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When Your Brother or Sister Has Cancer: A Guide for Teens

  • Posted: 12/26/2013

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You and Your Friends

"Before my big brother Trevor got cancer, my three best friends were my life. I didn't go anywhere without them. I was never really home. Things are different now. I still see my friends, but I want to hang out with Trevor a lot more now. I definitely don't take him for granted anymore. My friends keep on going like nothing has changed. And for them - nothing has."
- Taylor, age 16

Your friends are important to you, and you're important to them. In the past, you could tell them everything. Now that your brother or sister has cancer, it may seem like lots is changing - even your friendships. Here are some things to think about:

Some friends may not know what to say.

  • It's hard for some people to know what to say. They may be afraid of upsetting you. Try to be gentle with friends who don't ask how you're doing or who don't talk about your brother's or sister's cancer.
  • You may need to take the first step.
  • Try saying something like this:

Some friends may ask tough questions.

"Sometimes it's hard talking about everything that's going on. If this was happening to one of my friends, I probably wouldn't know what to say to them, either. It just makes me appreciate even more the friends who have called or stopped by to hang out."
- Justin, age 16
  • It may be hard to answer questions about what you and your family are going through. You may want to try to help your friends understand what's going on. Or sometimes you may not feel like talking at all.
  • Try saying something like this:
  • If you don't feel like talking, try saying something like this:

Your friends have their own lives.

" People asked me questions all the time. They'd say things like, 'I heard Molly isn't coming back to school this year' or 'I heard your mom was having a breakdown.' When I told them the truth, they didn't believe me. And they'd ask dumb questions like, 'Can Molly walk? Can she write?' They didn't know what was going on, and I didn't know how to answer them. I got sick of it."
- John, age 14
  • It may feel like your friends don't care anymore. It might seem as though their lives are moving on and yours is not. It can be hard to watch them get together with others or do things without you. They aren't facing the situation you are right now, so it may be hard for them to relate.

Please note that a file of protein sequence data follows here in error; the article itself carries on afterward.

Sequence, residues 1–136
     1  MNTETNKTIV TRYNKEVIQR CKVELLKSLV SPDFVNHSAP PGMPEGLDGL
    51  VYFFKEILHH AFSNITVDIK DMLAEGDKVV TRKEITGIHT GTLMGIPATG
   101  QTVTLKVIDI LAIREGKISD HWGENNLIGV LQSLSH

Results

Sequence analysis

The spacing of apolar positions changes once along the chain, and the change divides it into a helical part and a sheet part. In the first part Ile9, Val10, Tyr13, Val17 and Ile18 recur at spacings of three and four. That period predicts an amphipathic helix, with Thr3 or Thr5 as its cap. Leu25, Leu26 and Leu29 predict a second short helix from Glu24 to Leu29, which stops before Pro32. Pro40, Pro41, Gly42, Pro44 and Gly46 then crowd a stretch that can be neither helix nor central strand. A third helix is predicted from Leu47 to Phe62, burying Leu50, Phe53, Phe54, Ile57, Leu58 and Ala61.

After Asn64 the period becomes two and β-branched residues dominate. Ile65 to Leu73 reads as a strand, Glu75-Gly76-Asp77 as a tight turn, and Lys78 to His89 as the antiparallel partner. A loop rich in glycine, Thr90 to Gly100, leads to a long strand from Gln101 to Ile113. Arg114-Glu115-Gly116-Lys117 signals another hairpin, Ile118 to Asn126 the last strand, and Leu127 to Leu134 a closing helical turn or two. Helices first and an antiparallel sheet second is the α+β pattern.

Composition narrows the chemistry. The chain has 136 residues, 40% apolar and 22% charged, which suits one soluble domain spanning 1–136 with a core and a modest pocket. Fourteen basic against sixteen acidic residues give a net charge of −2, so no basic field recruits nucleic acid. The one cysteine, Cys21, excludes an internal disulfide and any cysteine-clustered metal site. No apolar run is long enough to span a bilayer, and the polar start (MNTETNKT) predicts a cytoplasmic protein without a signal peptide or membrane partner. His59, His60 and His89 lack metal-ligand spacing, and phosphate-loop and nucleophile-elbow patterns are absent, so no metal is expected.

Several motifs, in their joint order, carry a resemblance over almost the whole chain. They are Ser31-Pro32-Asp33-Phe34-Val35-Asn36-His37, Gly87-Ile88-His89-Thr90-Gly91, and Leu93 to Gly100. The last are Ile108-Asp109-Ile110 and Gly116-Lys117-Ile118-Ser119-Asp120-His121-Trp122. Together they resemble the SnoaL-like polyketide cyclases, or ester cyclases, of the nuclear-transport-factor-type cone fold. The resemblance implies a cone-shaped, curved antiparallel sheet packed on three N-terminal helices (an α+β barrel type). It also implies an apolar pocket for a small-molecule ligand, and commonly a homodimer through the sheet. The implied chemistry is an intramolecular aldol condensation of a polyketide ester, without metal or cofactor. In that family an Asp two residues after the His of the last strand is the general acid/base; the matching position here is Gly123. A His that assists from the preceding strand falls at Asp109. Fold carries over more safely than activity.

• You might want to try saying something like this:

"I get the feeling my friends want me to just 'get over it' and go back to how life was before we found out my sister has cancer. But I wish they understo od that sometimes I just don't feel like doing what they're doing or talking about what they're talking about. I really want to spend time with my sister."
- Max, age 15
"Now that my brother lost his har and is so skinny, I don't want my friends to come over anymore. I don't want them to see how Tim looks. Besides, it's not easy to laugh and play at home when he's so sick."
- Caroline, age 14
"My friends have been great. They love Emma like she was their own sister. It helps to know that they care."
- Angie, age 13

Dealing With Embarrassment

It may be hard to talk with your friends. You may feel embarrassed that your brother or sister has cancer, or that now your family is different. You may not want to tell anyone about it. But when someone in your family is sick, you really need friends you can talk with.

Having Fun and Making New Friends

Old friends:

Even though you may have a lot on your mind, you can still get together with your friends and have a good time. If you can't leave home as much, ask if your friends can come over. Make time to relax. It's both good and important for you.

Make a list of fun things you and your friends like to do together. Then do them!


 


 


 


 


 


 





New friends:

A lot is happening to you right now. Sometimes old friends move on. You may not have as much in common as you used to. The good news is that you may make new friends through this experience. Kids who used to just pass you in the halls may now ask you how you are doing. Kids who you used to be friends with may become close friends again. Be open to new friendships.

Going to support groups at the hospital or at school is a good way to meet new friends. Support groups can help connect you with other kids who can relate to you - because they're going through some of the same things that you are.

Dealing With Hurtful Remarks

Unfortunately, some kids may say mean things. Others speak before they think and before they get the facts. No matter the reason, it can hurt when kids make jokes or say hurtful things about you, cancer, or your brother or sister.

What can you do?

  • Ignore the comment.
  • Say, "Hey, my brother/sister has cancer. It's not funny. How would you feel if it were your brother/sister?"
  • Being bullied? Go to your teacher, principal, or guidance counselor right away.